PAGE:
One day a fairly intelligent fly buzzed around above the web so long without lighting that the spider appeared and said, 'Come on down.' But the fly was too clever for him and said, 'I never light where I don't see other flies and I don't see any other flies in your house.' So he flew away until he came to a place where there were a great many other flies. He was about to settle down among them when a bee buzzed up and said, 'Hold it, stupid, that's flypaper. All those flies are trapped.' 'Don't be silly,' said the fly, 'they're dancing.' So he settled down and became stuck to the flypaper with all the other flies.

Moral: There is no safety in numbers, or in anything else.

The Bears and the Monkeys

In a deep forest there lived many bears. They spent the winter sleeping, and the summer playing leap-bear and stealing honey and buns from nearby cottages. One day a fast-talking monkey named Glib showed up and told them that their way of life was bad for bears. 'You are prisoners of pastime,' he said, 'addicted to leap-bear, and slaves of honey and buns.'
The bears were impressed and frightened as Glib went on talking. 'Your forebears have done this to you,' he said. Glib was so glib, glibber than the glibbest monkey they had ever seen before, that the bears believed he must know more than they knew, or than everybody else. But when he left, to tell other species what was the matter with them, the bears reverted to their fun and games and their theft of buns and honey.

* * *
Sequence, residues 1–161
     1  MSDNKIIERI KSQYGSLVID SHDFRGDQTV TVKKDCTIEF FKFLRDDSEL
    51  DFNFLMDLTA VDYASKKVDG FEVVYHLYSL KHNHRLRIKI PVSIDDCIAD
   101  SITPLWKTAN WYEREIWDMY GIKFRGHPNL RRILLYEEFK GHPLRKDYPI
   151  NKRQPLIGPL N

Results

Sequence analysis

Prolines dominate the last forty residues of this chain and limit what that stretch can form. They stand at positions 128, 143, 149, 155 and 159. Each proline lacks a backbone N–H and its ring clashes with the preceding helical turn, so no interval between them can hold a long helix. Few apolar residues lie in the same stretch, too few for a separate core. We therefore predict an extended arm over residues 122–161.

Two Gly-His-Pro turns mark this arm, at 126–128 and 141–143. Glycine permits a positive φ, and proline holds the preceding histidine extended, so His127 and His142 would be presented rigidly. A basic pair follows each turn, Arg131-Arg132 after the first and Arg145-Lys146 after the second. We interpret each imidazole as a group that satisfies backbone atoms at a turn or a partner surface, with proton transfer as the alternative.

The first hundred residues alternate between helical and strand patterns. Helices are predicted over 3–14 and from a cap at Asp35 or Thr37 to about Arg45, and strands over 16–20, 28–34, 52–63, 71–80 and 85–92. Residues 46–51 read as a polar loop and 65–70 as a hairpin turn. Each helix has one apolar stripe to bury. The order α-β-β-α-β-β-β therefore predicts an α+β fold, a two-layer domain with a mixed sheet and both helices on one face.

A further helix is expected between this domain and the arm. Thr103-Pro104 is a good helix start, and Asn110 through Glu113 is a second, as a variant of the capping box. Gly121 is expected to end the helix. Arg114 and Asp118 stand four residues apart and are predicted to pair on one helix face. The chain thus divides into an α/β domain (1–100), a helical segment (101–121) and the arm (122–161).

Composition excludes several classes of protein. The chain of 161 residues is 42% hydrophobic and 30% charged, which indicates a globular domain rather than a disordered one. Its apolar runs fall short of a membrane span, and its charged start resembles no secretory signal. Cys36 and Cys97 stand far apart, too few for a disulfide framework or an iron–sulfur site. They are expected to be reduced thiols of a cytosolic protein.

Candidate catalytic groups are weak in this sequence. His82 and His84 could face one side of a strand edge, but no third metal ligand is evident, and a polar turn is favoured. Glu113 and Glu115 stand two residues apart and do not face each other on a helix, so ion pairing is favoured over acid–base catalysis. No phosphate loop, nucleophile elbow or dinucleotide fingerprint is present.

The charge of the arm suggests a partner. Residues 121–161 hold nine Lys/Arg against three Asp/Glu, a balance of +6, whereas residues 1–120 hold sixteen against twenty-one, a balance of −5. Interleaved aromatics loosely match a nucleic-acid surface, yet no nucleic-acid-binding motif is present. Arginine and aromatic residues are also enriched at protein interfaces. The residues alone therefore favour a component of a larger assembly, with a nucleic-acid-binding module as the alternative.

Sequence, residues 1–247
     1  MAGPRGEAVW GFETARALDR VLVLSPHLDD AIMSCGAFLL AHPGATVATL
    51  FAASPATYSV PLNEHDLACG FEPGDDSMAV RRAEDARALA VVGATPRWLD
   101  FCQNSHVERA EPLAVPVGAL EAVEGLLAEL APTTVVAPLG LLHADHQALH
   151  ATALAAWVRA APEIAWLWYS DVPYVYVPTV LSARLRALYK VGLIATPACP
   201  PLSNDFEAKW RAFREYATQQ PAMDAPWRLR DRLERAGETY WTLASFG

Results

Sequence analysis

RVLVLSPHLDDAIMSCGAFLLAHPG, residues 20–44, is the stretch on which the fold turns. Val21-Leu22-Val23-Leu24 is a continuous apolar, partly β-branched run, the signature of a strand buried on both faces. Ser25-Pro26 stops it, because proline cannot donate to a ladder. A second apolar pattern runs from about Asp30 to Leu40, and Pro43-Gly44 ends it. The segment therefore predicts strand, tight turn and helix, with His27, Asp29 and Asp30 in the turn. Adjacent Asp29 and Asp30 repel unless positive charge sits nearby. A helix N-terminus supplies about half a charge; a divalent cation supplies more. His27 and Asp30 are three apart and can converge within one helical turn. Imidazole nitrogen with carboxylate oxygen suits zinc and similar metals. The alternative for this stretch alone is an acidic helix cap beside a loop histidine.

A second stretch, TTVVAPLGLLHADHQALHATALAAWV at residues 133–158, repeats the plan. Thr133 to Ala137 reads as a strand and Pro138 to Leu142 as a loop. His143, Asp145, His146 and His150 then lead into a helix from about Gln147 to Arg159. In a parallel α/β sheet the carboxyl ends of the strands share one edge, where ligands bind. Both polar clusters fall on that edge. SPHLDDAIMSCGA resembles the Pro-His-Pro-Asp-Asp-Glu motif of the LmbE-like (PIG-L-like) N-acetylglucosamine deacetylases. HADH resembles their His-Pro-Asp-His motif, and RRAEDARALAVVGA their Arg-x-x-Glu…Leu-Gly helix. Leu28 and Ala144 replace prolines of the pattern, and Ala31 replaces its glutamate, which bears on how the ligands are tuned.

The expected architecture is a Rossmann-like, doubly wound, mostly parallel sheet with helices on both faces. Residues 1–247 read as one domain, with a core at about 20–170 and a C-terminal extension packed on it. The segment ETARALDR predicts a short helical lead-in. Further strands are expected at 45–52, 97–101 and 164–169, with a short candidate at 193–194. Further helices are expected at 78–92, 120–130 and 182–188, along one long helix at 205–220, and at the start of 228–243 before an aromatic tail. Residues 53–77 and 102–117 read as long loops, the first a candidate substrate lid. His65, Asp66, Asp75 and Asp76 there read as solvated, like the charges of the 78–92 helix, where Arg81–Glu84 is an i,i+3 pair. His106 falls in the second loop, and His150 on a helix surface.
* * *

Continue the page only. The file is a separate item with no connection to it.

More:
Their decadence made them bright of eye, light of heart, and quick of paw, and they had a wonderful time, living as bears had always lived, until one day two of Glib's successors appeared, named Monkey Say and Monkey Do. They were even glibber than Glib, and they brought many presents and smiled all the time. 'We have come to liberate you from freedom,' they said. 'This is the New Liberation, twice as good as the old, since there are two of us.'
So each bear was made to wear a collar, and the collars were linked together with chains, and Monkey Do put a ring in the lead bear's nose, and a chain on the lead bear's ring. 'Now you are free to do what I tell you to do, ' said Monkey Do.
'Now you are free to say what I want you to say,' said Monkey Say. 'By sparing you the burden of electing you leaders, we save you from the dangers of choice. No more secret ballots, everything open and aboveboard.'
For a long time the bears submitted to their New Liberation, and chanted the slogan the monkeys had taught them: 'Why stand on your own two feet when you can stand on ours?'
Then one day they broke the chains of their new freedom and found their way back to the deep forest and began playing leap-bear again and stealing honey and buns from the nearby cottages. And their laughter and gaiety rang through the forest, birds that had ceased singing began singing again, and all the sounds of the earth were like music.

Moral: It is better to have the ring of freedom in your ears than in your nose.

Source: James Thurber, Stories and Fables - Hueber Verlag 1978